Tag Archives: reproducible research

Reproducible Classification. Q&A on ShinyLearner & the CODECHECK certificate, pt. 2

- April 8, 2020

ShinyLearner

This week we showcased a new way of peer reviewing software, testing code in an independent manner and providing a CODECHECK “certificate of reproducible computation” when the results in the paper can be reproduced. We’ve written a post on the CODECHECK process featuring a Q&A with CODECHECK founder Stephen Eglan, and here we’ll provide a follow […]

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Certified Reproducibility. Q&A on ShinyLearner & the CODECHECK certificate, pt. 1

- April 7, 2020

CODECHECK certificate

Out today in GigaScience is ShinyLearner, a new tool to make it easier to perform benchmark comparisons of classification algorithms. This tool stands out by making this process super systematic and reproducible, and despite needing to interface with many different libraries and languages it uses software containers (and a CodeOcean demo) so end users don’t […]

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GigaBlog meets Gigantum: Guest Post from Tyler Whitehouse, Dean Kleissas and Dav Clark

- June 20, 2019

At GigaScience as our focus is on reproducibility rather than subjective impact, it can be challenging at times to judge this in our papers. Targeting the “bleeding edge” of data-driven research, more and more of our papers utilise technologies, such as Jupyter notebooks, Virtual Machines, and Containers such as Docker. Working these tools in to […]

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Meet the GigaScience ICG Prize Winner, Pt. 2: Lisa Johnson Q&A

- December 14, 2018

ICG prize winner

Yesterday we published the winning paper of the second GigaScience prize, with additional detail and coverage in GigaBlog describing why we and the judging panel found it so novel. This was an impressively case study in reproducibility, reassembling & reannotating around 700 microbial eukaryotic transcriptomes to demonstrate this approach can aid in revealing new biologically relevant […]

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Reprocessing the Microbial Genomic Goldmine: Winner of the ICG13 Prize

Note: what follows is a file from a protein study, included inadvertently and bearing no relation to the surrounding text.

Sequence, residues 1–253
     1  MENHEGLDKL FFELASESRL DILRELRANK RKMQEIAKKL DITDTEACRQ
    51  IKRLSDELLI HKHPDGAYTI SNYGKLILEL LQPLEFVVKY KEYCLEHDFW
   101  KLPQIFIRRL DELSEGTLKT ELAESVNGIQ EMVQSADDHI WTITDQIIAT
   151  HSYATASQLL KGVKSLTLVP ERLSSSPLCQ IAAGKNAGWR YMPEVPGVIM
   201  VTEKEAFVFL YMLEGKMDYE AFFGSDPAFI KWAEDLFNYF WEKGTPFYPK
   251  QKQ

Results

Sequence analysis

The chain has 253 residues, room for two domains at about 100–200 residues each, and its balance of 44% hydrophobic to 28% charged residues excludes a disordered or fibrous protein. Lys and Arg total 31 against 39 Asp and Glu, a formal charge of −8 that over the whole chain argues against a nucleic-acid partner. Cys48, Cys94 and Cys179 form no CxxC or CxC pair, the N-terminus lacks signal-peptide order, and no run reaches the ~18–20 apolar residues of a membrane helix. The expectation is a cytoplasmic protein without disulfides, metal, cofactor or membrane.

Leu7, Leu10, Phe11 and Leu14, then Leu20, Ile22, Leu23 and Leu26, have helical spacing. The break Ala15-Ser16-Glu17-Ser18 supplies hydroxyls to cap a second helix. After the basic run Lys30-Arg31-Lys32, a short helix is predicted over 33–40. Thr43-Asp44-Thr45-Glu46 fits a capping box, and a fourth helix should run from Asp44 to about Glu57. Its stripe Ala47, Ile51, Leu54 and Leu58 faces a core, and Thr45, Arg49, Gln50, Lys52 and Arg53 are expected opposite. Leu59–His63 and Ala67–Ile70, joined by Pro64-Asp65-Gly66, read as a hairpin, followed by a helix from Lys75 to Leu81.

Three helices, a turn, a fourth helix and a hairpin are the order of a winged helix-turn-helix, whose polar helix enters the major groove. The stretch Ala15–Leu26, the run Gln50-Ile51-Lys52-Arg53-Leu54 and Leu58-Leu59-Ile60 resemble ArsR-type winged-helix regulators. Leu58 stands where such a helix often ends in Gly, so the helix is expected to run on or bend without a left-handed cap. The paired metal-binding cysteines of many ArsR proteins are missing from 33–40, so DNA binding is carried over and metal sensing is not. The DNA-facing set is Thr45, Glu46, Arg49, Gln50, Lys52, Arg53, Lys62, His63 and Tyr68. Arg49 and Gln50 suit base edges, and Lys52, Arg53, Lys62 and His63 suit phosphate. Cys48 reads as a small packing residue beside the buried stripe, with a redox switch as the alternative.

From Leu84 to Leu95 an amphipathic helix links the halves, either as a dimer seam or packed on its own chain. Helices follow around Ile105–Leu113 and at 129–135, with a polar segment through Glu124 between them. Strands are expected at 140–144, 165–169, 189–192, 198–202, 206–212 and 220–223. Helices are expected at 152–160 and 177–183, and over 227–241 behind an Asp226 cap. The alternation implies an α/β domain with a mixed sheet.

- December 13, 2018

Microbial goldmine

Out today is the winner of our ICG13 Prize, presenting work that can aid in revealing new biologically relevant findings and missed genes from previously generated transcriptome assemblies. Teaching old data new tricks, and maximising every last nugget of information from previously funded research. Here we present some insight into why the reviewers and judges […]

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CUDDELing up to metabolomics in Hong Kong

- January 22, 2018

As mentioned in our Happy New Year blog post, one of the highlights in 2017 was a second GigaScience hackathon workshop which we held in November last year in our Hong Kong BGI office. Funding for this workshop came from a project we have called CUDDEL which was awarded a grant by the BBSRC from their China […]

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Research Parasites Wanted. Q&A with Casey Greene & Brian Byrd

- September 14, 2017

As a journal focussed on open science we are big promoters of research parasites (and research on parasites), and try to feeds them with open data and tools. It is therefore appropriate this is the second year GigaScience has supported and sponsored the Research Parasite awards. In one of our Q&As, organisers Casey Greene and […]

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Data Intensive Software Publishing & Sailing The Code Ocean. Q&A With Ruibang Luo.

- June 27, 2017

GigaScience is always trying to push the boundaries of how we disseminate reproducible research, and to adapt to the challenges of dealing with experiments become more data-intensive. We now showcase a new reproducible research platform we’ve been testing called Code Ocean, and have a Q&A with our Author Ruibang Luo on his experiences using it. […]

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Remember Remember, It’s Neuro-November!

- November 1, 2016

Halloween may be over, but this November GigaScience will be continuing to fight the zombie (paper) apocalypse and binge on sweet sweet brains (research outputs).

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Guest posting: Conda as a new standard for Galaxy tool dependencies

- September 20, 2016

The Galaxy community is one that shares similar reproducibility goals with GigaScience, having a computational platform that allows users to share workflows, histories and wrapped computational tools in an easy-to-use and open source interface. Björn Grüning and The Intergalactic Utilities Commission of Galaxy have a guest posting here to announce new changes that will make development and presentation of tools and pipelines through Galaxy even more reproducible and usable.

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